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By Larry Huppin, DPM on 6/28/2012 6:53 AM
We are recommending that all ProLab clients read a recent article in Lower Extremity Review: Role of foot orthoses for patellofemoral pain

This article discusses level 1 evidence for the use of foot orthoses in treating PFPS. From the article: 

“Specifically, there were significantly more self-reported improvers at six weeks in a group receiving prefabricated foot orthoses compared to a group receiving a control intervention (flat inserts). The number needed to treat for one additional improver in th
By Larry Huppin, DPM on 6/25/2012 6:00 AM
 ProLab provides webinars on a specific topics in orthotic therapy on the second Thursday of every month at 12:30 PST. These webinars are available to ProLab clients, podiatric students, and podiatric residents. They are focused on Evidence-Based Orthotic Therapy and about 20 minutes in length.

All of the webinars are recorded and available for viewing at anytime, day or night. We currently have the following webinars available and we'll be adding more every month:
  • Evidence-Based Orthotic Therapy For Plantar Fasciitis
  • Evidence-Based Orthotic Therapy For Metatarsalgia
By Larry Huppin, DPM on 6/21/2012 5:54 AM
Prescribing orthoses for patients with plantar fibromas can be challenging. In general, our treatment goal is to reduce tension on the plantar fascia and then reduce pressure on the plantar fibromas. This can lead to a Catch-22 situation; orthoses that conform closely to the arch of the foot can help reduce tension on the plantar fascia, but they may also increase pressure on the fibroma. Luckily, there are some fairly straightforward orthotic modifications that can lead to an excellent clinical outcome for these patients.

To decrease plantar fascial tension, you will want to prescribe the initial orthosis 
By Dianne Mitchell on 6/14/2012 12:07 PM
Today's webinar was great! It addressed the role of functional foot orthotics for the unstable ankle.The talk ended with viewers learning two orthotic prescriptions for the unstable ankle. One is for the pronated foot type and the other for the cavus foot type.
By Dianne Mitchell on 6/13/2012 9:33 PM
Several great lectures I attended at The Western Podiatry Conference were delivered by Dr. Bouche and Dr. Kirby. They are both lecturing at the Learning in the Vineyards Seminar this October! Don't forget to register! They are great speakers and teachers. You are certain to leave their talks with new pearls to apply right away in the office.
By Dianne Mitchell on 6/11/2012 10:28 PM
If you haven't already done so, sign up for the webinar for this Thursday, June14th. Dr Huppin will be talking about functional foot orthotics and their role for the unstable ankle. These are great and brief discussions which offer great insight and advice for quick clinical application!
By Dianne Mitchell on 6/11/2012 10:06 PM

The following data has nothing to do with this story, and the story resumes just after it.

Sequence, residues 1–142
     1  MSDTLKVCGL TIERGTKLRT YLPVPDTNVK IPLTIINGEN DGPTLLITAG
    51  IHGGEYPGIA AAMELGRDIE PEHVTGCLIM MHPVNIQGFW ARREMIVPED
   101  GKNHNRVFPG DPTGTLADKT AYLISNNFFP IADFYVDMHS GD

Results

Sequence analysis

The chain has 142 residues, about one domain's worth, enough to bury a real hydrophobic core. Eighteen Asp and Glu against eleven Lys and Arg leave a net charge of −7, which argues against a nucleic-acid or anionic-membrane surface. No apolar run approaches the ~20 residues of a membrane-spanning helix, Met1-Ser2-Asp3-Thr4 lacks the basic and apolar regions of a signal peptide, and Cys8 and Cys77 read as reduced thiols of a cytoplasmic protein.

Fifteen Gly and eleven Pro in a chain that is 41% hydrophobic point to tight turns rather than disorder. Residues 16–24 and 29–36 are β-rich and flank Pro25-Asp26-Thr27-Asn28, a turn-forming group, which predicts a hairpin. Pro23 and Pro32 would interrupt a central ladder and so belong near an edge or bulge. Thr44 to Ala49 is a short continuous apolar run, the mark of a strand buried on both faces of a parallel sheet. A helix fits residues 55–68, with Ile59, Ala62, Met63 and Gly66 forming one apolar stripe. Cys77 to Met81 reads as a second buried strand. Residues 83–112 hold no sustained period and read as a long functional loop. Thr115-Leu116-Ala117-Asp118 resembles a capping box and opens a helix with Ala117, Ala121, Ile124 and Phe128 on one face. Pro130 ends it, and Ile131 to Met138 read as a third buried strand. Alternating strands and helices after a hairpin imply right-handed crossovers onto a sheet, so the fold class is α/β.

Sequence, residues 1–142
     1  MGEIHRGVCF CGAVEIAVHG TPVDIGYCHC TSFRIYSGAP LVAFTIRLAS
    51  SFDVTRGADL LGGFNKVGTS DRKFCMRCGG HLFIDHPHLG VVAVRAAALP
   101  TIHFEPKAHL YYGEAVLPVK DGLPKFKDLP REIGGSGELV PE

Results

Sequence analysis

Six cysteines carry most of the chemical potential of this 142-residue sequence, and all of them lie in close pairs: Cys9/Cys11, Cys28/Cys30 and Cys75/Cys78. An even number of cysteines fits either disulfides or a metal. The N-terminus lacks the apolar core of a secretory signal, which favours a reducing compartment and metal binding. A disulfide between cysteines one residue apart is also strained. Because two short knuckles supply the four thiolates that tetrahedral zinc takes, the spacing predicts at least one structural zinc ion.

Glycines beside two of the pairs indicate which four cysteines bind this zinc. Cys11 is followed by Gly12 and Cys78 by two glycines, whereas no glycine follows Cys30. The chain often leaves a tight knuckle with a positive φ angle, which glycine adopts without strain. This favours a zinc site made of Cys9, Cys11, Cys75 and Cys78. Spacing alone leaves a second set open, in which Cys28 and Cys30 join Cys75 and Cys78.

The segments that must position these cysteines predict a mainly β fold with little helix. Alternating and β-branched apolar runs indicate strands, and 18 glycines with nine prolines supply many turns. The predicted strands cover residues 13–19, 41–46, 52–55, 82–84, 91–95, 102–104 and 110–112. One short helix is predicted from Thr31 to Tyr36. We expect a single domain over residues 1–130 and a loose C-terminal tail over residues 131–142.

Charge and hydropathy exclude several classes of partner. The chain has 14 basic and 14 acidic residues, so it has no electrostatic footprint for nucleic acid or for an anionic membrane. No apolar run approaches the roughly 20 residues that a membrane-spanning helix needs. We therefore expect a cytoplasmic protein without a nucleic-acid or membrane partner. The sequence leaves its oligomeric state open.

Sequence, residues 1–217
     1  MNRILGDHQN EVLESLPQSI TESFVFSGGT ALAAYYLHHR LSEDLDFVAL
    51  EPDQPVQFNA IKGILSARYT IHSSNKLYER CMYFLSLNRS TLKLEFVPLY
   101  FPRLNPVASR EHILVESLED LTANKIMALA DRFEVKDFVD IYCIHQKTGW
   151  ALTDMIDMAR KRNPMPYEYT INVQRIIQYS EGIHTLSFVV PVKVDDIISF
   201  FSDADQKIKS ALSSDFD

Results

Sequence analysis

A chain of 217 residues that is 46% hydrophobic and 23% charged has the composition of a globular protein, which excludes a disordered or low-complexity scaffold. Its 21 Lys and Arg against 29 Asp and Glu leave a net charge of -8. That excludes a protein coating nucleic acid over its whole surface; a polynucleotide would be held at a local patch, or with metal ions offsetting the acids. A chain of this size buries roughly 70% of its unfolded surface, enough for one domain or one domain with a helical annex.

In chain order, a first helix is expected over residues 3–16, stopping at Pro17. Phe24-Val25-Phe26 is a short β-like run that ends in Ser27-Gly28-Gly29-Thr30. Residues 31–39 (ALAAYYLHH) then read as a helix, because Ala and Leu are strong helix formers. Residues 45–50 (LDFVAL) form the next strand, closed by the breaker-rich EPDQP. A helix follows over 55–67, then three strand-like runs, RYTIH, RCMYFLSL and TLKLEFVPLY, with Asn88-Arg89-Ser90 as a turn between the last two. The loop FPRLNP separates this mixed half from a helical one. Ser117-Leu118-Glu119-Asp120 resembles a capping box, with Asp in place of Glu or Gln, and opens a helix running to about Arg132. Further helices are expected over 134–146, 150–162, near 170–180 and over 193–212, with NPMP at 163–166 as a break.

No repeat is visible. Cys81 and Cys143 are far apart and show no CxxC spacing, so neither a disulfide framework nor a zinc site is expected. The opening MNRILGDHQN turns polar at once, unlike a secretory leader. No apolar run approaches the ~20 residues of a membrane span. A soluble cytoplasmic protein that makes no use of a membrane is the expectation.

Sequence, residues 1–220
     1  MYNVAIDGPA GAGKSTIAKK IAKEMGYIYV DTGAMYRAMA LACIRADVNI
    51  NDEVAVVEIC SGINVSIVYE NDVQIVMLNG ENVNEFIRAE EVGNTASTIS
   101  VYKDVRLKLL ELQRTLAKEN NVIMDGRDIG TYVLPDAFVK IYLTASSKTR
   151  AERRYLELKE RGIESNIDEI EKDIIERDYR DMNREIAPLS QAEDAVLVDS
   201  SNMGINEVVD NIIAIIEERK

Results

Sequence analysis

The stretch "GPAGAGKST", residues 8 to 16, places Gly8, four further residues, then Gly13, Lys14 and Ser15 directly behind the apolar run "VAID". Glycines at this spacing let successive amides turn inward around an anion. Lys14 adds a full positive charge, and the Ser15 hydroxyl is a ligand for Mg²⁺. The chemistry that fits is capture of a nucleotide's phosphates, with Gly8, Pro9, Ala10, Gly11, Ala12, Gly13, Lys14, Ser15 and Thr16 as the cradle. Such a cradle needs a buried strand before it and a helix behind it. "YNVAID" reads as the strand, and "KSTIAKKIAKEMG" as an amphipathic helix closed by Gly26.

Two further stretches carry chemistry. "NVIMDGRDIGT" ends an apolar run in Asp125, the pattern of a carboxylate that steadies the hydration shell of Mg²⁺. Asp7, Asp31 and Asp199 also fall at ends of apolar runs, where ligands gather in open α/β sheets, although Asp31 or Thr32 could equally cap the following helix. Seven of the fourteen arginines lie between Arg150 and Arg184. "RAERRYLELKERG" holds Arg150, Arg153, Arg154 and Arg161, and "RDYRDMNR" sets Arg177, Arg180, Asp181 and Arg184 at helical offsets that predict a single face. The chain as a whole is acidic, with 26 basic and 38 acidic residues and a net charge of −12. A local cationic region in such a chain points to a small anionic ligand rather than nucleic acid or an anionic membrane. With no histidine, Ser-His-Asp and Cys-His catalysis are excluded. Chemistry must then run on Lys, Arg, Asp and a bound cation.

The second half of day #1 at The Western Podiatry Conference was regarding SPORTS MEDICINE. Dr Bruce Williams, past president of the American Academy of Podiatric Sports Medicine, presented a video gait analysis lecture. He emphasized many great points, but spoke a lot on limb length discrepancies (LLD) and the importance of evaluating patients for them.
By Dianne Mitchell on 6/7/2012 5:03 PM
Dr Paul Scherer closed the Bill Olson Biomechanics Lecture Track this morning discussing the biomechanics of friction of the bottom of the foot. The talk was geared at the diabetic foot, but easily applied to the athletic population, or anyone who experiences callusing, blistering, and ulceration. He asked us to look not only at vertical load pressure, but also shear forces. He presented a material, PTFE, which has a super low coefficient of friction, meaning there is minimal resistance, and likely less chance of callusing, blistering, and therefore, ulcerating.
By Dianne Mitchell on 6/7/2012 4:54 PM
Today is day one of The Western Podiatry Conference in Southern California. The morning started with the Bill Olson Biomechanics Track. Dr. Kevin Kirby started off the track discussing effective foot orthosis treatment of the adult acquired flat foot. His take home point was to ensure there was increased pressure applied medial to the STJ axis in the form of inversion of the orthotic or a medial heel skive, for example, in order to keep the patient from maximally pronating the foot during gait. This can be coupled to a wide orthotic, possibly with a medial flange, a deep heel cup, and minimal arch fill. Also, a rearfoot post can add to the device for completed support of the hindfoot.
By Dianne Mitchell on 6/4/2012 9:51 PM
Some thoughts on LLD's and functional foot orthotics (for LLD's equal to or less than 1/4"). I find that when the orthotic is ordered with the heel lift already attached, it works great if the device is used/worn primarily in an athletic shoe (running/walking shoe). However, that doesn't always seem to be the case in other shoe gear. Patients might complain of the heel popping out of the shoe while attempting to ambulate, so I don't order the device with the heel lift attached. Instead, I make a separate heel lift in the office and start breaking it in right away and then add the orthotic on top of it when they arrive back from the lab. This allows more compliance in wearing the orthotic, or the lift, in isolation in select shoe gear where both do not fit. For LLD's greater than a 1/4" I find a full length outsole lift is better tolerated by patients.
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